The pharmaceutical industry is the medicines-related part of the healthcare business. The industry includes various subareas responsible for the development, manufacturing and marketing of medicines. Such more or less interconnected sub areas consist of drug manufacturers, drug sellers, and biotechnology companies. The pharmaceutical industry’s main objective is to provide medicines that prevent infections, protect health, and treat diseases. Therefore, a number of international regulatory bodies such as the World Health Organization, the US Food and Drug Administration (FDA) and the Medicine and Healthcare Products Regulatory Agency (MHRA) track things like drug safety, licenses, efficiency, quality and pricing.

Thanks to a research-oriented approach that has advanced technology, developed infrastructure, and expanded work in the field of bioscience, the pharmaceutical industry has made substantial progress over the past decade. Different treatments have been developed thanks to biotechnology to cure or stop the growth of several major diseases, including HIV and certain cancer types. In 2018, the global pharma industry stood at $1.2 trillion, and the IQVIA Institute for Human Data Science expects $1.5 trillion by 2023.

A typical pharma industry supply chain is

Raw material and packaging material – Material warehouses – Manufacturing units – Finished Goods Warehouses/Central Warehouses – Regional Warehouses – Distributors/Super Stockists – Retailers/Hospitals – Consumers.

Manufacturers in the pharmaceutical industry and all the people involved in production are very stringent in protecting the safety and quality of drugs at each stage of the supply chain. They use raw material suppliers that are set, approved by the regulator. All the companies store raw and packaging materials in separate warehouses.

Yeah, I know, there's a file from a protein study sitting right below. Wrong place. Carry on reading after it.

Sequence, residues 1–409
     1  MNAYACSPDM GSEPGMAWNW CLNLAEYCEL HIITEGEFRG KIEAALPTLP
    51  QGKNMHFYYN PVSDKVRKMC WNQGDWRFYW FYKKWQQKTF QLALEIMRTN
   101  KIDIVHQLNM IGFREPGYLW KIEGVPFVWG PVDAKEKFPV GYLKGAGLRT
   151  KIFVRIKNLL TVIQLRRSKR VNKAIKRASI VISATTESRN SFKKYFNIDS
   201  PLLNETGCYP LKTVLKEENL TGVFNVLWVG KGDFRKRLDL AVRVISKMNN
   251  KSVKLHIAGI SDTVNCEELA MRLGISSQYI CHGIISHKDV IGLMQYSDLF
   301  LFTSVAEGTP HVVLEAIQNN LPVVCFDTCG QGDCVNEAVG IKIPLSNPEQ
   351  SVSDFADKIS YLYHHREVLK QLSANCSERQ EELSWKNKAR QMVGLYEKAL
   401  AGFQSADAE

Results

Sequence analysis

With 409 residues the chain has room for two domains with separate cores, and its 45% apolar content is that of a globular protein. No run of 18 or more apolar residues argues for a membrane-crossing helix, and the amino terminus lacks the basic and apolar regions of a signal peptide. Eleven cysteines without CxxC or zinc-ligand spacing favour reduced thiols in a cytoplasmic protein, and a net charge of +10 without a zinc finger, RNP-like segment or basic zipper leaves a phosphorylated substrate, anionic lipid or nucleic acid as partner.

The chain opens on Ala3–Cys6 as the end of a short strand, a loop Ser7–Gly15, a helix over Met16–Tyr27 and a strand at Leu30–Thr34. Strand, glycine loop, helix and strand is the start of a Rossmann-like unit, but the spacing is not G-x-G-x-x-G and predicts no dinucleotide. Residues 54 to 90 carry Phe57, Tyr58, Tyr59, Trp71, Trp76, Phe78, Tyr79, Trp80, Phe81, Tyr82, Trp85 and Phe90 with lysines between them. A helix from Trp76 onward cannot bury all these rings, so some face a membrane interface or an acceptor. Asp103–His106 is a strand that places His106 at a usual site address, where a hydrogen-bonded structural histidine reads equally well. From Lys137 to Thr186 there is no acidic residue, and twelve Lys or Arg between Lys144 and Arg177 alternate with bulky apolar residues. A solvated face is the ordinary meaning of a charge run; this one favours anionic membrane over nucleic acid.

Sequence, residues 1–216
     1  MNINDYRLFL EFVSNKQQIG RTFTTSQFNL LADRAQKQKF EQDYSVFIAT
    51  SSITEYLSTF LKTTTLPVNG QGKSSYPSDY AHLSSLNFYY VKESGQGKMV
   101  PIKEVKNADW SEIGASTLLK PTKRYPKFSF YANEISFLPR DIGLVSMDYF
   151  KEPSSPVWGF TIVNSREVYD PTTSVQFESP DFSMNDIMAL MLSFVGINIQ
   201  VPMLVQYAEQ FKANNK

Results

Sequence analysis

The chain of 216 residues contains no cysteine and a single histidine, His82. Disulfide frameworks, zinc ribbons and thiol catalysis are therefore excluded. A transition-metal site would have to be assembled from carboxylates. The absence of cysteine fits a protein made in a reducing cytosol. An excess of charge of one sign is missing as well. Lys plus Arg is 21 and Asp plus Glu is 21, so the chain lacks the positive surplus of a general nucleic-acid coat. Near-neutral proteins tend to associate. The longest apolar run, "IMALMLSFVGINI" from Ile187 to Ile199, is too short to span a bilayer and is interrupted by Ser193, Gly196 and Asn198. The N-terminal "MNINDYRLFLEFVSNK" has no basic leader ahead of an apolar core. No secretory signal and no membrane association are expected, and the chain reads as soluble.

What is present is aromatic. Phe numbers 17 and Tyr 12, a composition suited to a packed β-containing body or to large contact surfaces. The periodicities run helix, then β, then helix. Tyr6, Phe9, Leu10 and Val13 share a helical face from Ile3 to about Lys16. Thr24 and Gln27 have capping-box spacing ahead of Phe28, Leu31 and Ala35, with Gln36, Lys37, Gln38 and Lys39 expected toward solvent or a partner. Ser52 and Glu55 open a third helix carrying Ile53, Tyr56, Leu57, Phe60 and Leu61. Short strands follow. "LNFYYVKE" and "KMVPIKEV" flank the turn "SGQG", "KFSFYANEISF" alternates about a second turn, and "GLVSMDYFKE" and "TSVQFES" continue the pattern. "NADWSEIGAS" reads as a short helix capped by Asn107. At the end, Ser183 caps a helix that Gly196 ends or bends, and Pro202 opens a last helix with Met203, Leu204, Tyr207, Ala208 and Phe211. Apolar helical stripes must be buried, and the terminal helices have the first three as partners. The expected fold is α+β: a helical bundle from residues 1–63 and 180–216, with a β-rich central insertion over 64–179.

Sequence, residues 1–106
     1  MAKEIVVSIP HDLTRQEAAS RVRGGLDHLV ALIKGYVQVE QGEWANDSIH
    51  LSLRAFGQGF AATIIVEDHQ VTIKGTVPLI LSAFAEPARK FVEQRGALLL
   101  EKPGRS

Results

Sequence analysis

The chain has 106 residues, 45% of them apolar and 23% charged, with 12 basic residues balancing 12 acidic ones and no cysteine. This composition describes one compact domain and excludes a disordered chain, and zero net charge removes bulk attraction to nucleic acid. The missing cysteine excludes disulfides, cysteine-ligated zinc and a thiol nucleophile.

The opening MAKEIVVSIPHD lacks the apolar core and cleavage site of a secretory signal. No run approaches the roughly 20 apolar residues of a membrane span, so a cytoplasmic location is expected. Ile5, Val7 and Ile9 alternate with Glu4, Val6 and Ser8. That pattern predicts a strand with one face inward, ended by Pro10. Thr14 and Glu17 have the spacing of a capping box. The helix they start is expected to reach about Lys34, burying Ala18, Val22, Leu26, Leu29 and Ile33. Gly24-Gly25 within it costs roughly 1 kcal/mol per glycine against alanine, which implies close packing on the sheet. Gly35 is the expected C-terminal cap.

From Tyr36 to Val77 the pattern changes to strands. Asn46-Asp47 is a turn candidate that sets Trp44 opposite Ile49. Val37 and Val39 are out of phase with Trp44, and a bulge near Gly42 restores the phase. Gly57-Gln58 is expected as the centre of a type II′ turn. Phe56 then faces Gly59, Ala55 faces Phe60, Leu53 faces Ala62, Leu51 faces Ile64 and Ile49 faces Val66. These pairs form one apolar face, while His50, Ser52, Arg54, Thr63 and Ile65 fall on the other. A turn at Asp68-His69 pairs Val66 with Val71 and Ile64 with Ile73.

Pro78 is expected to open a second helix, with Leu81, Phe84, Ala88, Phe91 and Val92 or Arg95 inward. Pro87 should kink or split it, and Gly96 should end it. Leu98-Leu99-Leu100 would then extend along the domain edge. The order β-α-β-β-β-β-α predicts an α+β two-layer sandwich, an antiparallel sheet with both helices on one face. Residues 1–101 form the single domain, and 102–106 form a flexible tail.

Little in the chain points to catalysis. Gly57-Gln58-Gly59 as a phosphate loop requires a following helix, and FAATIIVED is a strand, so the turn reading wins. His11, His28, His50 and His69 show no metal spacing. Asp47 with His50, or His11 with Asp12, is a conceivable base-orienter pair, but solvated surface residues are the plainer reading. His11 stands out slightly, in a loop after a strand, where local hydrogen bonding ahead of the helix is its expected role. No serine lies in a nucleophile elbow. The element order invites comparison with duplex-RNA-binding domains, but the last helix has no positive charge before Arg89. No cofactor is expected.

Pharmaceutical companies with a large turnover place a particular emphasis on their supply chain management. For eg: GlaxoSmithKline (GSK) spends over $4.5 billion each year manufacturing and supplying products. Johnson & Johnson (JNJ) spends approximately $30 billion annually in leveraging its purchasing power to set sustainability expectations beyond its operations. This is done by them because even a small variation in the supply chain could lead to multiple disturbances in the system. In the research-intensive, highly dynamic pharmaceutical market, there is a system of regulations. Indeed the industry controls the entire cycle of drug development, including patent application, generic competition, marketing acceptance, and patent expiration. Regulations also oversee all prescribing physicians, wholesalers, distributors, and pharmaceutical manufacturers.

Marketing firms in the pharmaceutical industry are helping to increase drug market scope. A manufacturing facility may not be able to sell its goods in a particular region at times because it lacks a license or distribution network to do so. This is where businesses from the drug marketing industry come in to promote sales.Pharmaceutical firms are either reliant on their in-house R&D centers or depend on biotechnology firms to provide them license  to produce proprietary products. Since the last decade there has been an increasing need for pharmaceuticals because of the new diseases coming into existence, medications becoming complex and various other factors that drive the growth of the pharmaceutical products. Some of these factors are Aging Population, Changing lifestyles, Increased income and chronic diseases, Globalization and urbanization.